Business Day

Demise or compromise


The two factions that seem to have coalesced around ANC president Jacob Zuma and his deputy, Cyril Ramaphosa, present the party with two simple options: compromise or suffer significan­t losses in the 2019 election.

This political reality appears to have galvanised the chairmen of the party’s largest provinces into holding bilateral and multilater­al talks, which culminated in the Mbombela indaba hosted by Mpumalanga ANC chairman David Mabuza. It was attend by his Gauteng, North West and Free State counterpar­ts, with KwaZulu-Natal represente­d by the former premier Senzo Mchunu. Having tasted the bitter fruit of the loss of political power in the Tshwane, Johannesbu­rg and Nelson Mandela Bay local government elections, the ANC factions realise and accept that for their own self-preservati­on an unconteste­d single slate is the only way to forge unity.

This approach could avoid the impasse that convoluted, dilatory and protracted court applicatio­ns may impose on the party and result, for example, in the postponeme­nt of the much-awaited December 2017 conference.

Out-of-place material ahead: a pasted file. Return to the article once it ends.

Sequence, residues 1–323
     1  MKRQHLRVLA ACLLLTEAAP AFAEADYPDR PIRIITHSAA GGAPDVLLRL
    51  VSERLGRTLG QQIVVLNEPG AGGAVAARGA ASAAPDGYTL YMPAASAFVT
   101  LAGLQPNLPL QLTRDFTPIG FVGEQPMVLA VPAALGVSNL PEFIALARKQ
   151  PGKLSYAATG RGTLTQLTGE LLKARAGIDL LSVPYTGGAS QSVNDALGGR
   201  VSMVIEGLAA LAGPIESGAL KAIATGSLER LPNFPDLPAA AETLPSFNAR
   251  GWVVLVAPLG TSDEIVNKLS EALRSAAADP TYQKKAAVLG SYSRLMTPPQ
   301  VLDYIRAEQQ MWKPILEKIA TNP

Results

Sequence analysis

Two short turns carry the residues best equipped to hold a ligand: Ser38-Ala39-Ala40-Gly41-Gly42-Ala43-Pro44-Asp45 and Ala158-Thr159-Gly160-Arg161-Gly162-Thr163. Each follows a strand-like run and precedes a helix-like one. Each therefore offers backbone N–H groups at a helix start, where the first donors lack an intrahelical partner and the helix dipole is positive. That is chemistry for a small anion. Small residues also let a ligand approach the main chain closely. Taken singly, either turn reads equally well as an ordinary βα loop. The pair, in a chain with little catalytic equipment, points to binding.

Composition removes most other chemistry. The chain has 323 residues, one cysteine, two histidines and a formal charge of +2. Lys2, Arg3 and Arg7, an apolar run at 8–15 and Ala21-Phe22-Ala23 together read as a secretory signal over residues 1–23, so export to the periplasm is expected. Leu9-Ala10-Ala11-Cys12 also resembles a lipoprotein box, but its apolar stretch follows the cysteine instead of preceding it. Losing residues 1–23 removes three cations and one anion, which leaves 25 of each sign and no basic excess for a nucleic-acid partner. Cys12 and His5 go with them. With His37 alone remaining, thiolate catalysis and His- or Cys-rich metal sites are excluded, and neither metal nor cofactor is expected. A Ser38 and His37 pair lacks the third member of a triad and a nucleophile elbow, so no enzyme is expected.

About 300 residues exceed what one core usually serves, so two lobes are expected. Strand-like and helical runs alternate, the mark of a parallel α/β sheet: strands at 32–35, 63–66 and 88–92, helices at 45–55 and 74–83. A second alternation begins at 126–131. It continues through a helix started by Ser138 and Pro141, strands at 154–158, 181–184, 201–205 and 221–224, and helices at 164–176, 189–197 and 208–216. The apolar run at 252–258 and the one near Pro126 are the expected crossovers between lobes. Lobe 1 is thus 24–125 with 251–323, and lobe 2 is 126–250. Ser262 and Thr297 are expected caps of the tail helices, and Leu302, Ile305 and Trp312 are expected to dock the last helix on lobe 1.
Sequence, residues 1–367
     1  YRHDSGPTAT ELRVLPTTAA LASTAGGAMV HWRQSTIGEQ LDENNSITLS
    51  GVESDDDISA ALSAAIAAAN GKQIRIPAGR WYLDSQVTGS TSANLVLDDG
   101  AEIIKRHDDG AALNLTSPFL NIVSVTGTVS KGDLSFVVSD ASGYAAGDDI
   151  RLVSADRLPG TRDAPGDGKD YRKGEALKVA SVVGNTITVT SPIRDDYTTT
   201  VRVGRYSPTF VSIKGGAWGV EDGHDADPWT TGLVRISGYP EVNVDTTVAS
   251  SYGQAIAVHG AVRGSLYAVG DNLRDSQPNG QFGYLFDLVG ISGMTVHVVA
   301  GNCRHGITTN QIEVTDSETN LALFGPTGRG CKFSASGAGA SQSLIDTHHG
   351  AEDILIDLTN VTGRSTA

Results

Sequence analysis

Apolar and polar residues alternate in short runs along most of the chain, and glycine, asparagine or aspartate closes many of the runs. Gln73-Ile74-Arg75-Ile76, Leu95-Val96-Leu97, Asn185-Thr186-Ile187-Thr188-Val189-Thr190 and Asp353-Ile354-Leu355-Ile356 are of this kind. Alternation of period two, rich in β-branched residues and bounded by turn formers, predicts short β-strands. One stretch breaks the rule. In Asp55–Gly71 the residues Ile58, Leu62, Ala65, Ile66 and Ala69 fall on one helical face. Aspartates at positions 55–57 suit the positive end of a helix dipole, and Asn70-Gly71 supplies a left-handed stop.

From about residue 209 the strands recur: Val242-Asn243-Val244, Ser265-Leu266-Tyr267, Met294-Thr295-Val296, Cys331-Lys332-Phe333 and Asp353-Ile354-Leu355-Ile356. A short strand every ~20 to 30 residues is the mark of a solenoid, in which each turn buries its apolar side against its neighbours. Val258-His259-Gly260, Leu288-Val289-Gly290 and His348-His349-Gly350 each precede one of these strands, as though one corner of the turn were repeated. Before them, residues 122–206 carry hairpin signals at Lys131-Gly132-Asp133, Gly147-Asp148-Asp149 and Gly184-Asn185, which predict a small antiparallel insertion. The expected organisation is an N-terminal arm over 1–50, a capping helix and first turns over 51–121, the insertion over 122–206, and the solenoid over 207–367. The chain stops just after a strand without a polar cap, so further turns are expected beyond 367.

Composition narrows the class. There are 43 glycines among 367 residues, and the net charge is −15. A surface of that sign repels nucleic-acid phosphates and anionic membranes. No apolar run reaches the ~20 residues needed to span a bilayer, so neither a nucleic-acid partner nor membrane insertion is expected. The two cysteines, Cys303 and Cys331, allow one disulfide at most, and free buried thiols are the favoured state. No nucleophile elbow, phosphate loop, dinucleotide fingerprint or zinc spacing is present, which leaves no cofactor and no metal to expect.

Such a compromise deal could be premised on the “branch or region I hold I keep” principle, coupled with a 50-50 sharing of positions from the presidency down to the branches of the party and the government.

Already the beleaguere­d incumbent has gone on record with a proposal that the two losing strongest presidenti­al hopefuls be automatica­lly elected joint deputy presidents of the party and state if the party wins the 2019 general election.

A preconfere­nce compromise deal would give the party the political space and time it needs to focus on service delivery on the one hand, and self-reflection, self-correction and self-healing on the other, between now and the 2024 election, without losing political power.

Dr Nat Makhubele


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